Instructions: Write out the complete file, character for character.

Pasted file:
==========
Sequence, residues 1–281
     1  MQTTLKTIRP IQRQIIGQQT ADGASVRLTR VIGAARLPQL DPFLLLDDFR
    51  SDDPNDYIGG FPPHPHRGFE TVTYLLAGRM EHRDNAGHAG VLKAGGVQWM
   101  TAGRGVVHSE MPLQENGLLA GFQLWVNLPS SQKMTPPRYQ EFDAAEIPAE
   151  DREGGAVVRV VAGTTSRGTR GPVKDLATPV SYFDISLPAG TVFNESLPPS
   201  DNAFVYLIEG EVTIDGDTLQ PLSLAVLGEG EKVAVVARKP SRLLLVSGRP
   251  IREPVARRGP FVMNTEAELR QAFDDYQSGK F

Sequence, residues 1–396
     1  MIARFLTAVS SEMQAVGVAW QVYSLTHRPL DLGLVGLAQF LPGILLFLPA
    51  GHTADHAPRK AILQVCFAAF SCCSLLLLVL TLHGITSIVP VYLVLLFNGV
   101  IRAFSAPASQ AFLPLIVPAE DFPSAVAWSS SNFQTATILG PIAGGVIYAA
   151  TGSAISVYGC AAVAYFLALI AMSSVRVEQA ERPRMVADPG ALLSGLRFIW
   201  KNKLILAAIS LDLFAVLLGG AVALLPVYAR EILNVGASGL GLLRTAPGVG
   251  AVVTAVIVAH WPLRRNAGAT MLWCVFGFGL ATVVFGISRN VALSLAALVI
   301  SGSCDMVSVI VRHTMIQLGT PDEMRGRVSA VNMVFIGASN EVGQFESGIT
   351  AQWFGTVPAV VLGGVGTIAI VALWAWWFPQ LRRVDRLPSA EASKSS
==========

Sequence, residues 1–281
     1  MQTTLKTIRP IQRQIIGQQT ADGASVRLTR VIGAARLPQL DPFLLLDDFR
    51  SDDPNDYIGG FPPHPHRGFE TVTYLLAGRM EHRDNAGHAG VLKAGGVQWM
   101  TAGRGVVHSE MPLQENGLLA GFQLWVNLPS SQKMTPPRYQ EFDAAEIPAE
   151  DREGGAVVRV VAGTTSRGTR GPVKDLATPV SYFDISLPAG TVFNESLPPS
   201  DNAFVYLIEG EVTIDGDTLQ PLSLAVLGEG EKVAVVARKP SRLLLVSGRP
   251  IREPVARRGP FVMNTEAELR QAFDDYQSGK F

Sequence, residues 1–396
     1  MIARFLTAVS SEMQAVGVAW QVYSLTHRPL DLGLVGLAQF LPGILLFLPA
    51  GHTADHAPRK AILQVCFAAF SCCSLLLLVL TLHGITSIVP VYLVLLFNGV
   101  IRAFSAPASQ AFLPLIVPAE DFPSAVAWSS SNFQTATILG PIAGGVIYAA
   151  TGSAISVYGC AAVAYFLALI AMSSVRVEQA ERPRMVADPG ALLSGLRFIW
   201  KNKLILAAIS LDLFAVLLGG AVALLPVYAR EILNVGASGL GLLRTAPGVG
   251  AVVTAVIVAH WPLRRNAGAT MLWCVFGFGL ATVVFGISRN VALSLAALVI
   301  SGSCDMVSVI VRHTMIQLGT PDEMRGRVSA VNMVFIGASN EVGQFESGIT
   351  AQWFGTVPAV VLGGVGTIAI VALWAWWFPQ LRRVDRLPSA EASKSS